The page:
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    If you have planned a winter holiday by car, you must check if snow tires are compulsory in the countries you travel through.











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    In this report, the consumer is informed about the risks of buying counterfeit products online, whether intentionally or not, and will focus on counterfeit products. In non-legal terms, counterfeiting means making goods that look like the original without the permission of the person who invented the goods or retains the intellectual property right on the product, usually for dishonest, economic or illegal purposes.

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    This joint project focuses on business-to-consumer cross-border car purchases. The information collected aims at providing an in-depth insight into every step of the car purchase process, from the choice of a car to its final registration in the consumer’s residence country, and including out-of-court mechanisms for alternative dispute resolution both with traders and authorities.

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    One of the major problems that has grown in line with digitalisation is subscription traps. Whilst subscription traps have existed for the last decade, they have become far more common over the course of the last five years. This is an international problem that has drawn attention at EU-level and amongst authorities and consumer organisations. The ECC offices identified subscription traps as a lasting problem area that is likely to increase in the future.

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    This report is part of the action 800824 – ECC-Net BG FPA which has received funding under a grant for an ECC action from the European Union’s Consumer Programme (2014–2020). The content of this report represents the views of the author only and it is his/her sole responsibility; it cannot be considered to reflect the views of the European Commission and/or the Consumers, Health, Agriculture and Food Executive Agency or any other body of the European Union. The European Commission and the Agency do not accept any responsibility for use that may be made of the information it contains. The host organization of the Centre is the Commission for Consumer Protection. ECC BG is funded by the European Commission and the Commission for Consumer Protection.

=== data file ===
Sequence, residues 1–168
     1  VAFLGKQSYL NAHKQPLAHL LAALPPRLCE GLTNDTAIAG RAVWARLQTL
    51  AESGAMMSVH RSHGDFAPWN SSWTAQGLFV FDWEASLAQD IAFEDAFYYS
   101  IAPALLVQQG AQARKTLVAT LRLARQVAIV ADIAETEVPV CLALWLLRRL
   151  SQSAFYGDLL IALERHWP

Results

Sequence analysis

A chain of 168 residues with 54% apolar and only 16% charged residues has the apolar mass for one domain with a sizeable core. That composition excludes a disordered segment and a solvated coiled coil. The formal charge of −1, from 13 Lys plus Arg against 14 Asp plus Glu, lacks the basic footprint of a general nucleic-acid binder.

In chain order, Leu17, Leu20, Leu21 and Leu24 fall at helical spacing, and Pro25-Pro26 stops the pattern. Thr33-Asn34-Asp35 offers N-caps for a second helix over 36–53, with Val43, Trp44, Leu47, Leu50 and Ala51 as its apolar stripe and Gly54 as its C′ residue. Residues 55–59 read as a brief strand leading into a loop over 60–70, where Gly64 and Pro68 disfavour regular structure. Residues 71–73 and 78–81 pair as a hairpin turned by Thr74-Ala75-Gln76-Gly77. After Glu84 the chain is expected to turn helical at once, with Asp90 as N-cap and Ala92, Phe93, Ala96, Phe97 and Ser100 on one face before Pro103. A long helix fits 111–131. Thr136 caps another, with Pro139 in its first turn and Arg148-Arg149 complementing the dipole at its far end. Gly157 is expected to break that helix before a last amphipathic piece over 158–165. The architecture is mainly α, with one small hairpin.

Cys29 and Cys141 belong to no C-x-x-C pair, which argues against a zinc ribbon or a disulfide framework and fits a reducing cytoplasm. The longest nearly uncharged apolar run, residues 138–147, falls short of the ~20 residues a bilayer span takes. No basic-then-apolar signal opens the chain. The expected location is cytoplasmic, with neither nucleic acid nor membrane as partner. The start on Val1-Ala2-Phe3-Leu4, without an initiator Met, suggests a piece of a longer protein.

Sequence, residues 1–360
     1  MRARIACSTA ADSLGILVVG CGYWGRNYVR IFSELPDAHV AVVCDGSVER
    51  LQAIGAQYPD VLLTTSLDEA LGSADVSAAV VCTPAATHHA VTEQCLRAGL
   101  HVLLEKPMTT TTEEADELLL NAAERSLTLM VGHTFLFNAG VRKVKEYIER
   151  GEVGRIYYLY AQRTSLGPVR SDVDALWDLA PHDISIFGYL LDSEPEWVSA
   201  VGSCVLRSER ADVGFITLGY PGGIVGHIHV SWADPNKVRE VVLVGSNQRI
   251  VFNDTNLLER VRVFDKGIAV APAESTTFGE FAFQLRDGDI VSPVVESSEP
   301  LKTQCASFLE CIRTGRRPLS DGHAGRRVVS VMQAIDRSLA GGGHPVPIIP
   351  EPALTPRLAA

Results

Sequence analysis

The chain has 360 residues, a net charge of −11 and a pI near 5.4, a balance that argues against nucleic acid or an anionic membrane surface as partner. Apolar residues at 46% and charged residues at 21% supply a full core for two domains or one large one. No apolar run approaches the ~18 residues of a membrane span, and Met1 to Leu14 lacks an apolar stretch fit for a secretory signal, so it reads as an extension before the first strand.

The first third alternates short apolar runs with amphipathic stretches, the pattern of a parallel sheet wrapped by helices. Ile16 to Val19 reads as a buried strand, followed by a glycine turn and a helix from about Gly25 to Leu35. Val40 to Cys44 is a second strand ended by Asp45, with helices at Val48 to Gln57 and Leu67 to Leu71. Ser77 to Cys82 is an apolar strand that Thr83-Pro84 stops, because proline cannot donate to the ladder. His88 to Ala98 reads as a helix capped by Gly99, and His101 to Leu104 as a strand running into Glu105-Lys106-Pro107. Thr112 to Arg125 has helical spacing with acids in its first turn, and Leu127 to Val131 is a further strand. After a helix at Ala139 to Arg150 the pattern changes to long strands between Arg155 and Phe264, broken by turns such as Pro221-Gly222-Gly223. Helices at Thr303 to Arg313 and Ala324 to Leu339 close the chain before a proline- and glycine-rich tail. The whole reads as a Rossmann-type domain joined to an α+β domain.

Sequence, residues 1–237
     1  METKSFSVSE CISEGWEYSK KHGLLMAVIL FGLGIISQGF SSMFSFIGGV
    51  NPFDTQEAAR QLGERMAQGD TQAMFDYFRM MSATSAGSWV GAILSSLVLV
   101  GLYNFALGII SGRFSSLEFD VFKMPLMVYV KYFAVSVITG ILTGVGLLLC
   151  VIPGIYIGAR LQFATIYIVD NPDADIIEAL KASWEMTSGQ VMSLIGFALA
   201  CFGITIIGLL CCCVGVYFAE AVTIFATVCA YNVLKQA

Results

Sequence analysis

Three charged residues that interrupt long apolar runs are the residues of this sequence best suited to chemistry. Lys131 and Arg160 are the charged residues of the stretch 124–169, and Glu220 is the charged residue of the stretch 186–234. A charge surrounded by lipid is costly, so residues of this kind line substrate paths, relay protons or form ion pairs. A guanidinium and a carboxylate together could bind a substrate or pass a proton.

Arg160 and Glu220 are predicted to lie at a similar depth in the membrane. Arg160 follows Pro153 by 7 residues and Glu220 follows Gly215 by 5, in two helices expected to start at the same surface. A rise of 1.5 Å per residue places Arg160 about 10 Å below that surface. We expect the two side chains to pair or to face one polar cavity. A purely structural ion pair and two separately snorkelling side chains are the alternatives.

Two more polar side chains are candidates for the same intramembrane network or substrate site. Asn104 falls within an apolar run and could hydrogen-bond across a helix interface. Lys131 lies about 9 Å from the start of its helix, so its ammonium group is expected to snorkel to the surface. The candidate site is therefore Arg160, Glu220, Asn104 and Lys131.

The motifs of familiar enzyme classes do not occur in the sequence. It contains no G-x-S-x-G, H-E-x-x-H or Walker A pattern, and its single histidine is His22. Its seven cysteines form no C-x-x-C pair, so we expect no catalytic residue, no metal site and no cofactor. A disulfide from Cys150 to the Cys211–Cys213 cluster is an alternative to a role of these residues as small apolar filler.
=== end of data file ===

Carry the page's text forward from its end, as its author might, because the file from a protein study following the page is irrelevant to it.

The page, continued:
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    The main objective of the European Consumer Centre Bulgaria is to work for the benefit of consumers in resolving cross-border problems with traders from other EU countries, Iceland and Norway. In the past 2018 we organized events in different places across the country - our aim was to be closer to the citizens and to show our work and explain them face to face how we can help them. We published informational brochures, organized outdoor and indoor events, lectured students and students, as well as trained traders. All this is happening against the backdrop of a steady increase in people shopping online or wanting to travel near or far away. However, it is very important for consumers to be able to distinguish real offers from fraudulent ones, to be able to check the traders, to pay safely and to be sure they know what to do if something goes wrong.



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    The main objective of the European Consumer Centre Bulgaria is to work for the benefit of consumers in resolving cross-border problems with traders from other EU countries, Iceland and Norway. During 2019 ECC Bulgaria focused heavily on the passengers’ rights. Except that during the whole 2019 we organized events in different places across the country - our aim was to be closer to the citizens and to show our work and explain them face to face how we can help them. We published informational brochures, organized outdoor and indoor events, lectured students and pupils, as well as trained traders. We from ECC Bulgaria are at your disposal - to inform, help, advice and solve crossborder consumer problems. We thank to all those who trust us, as well as those who criticize us. In both times we can improve our work.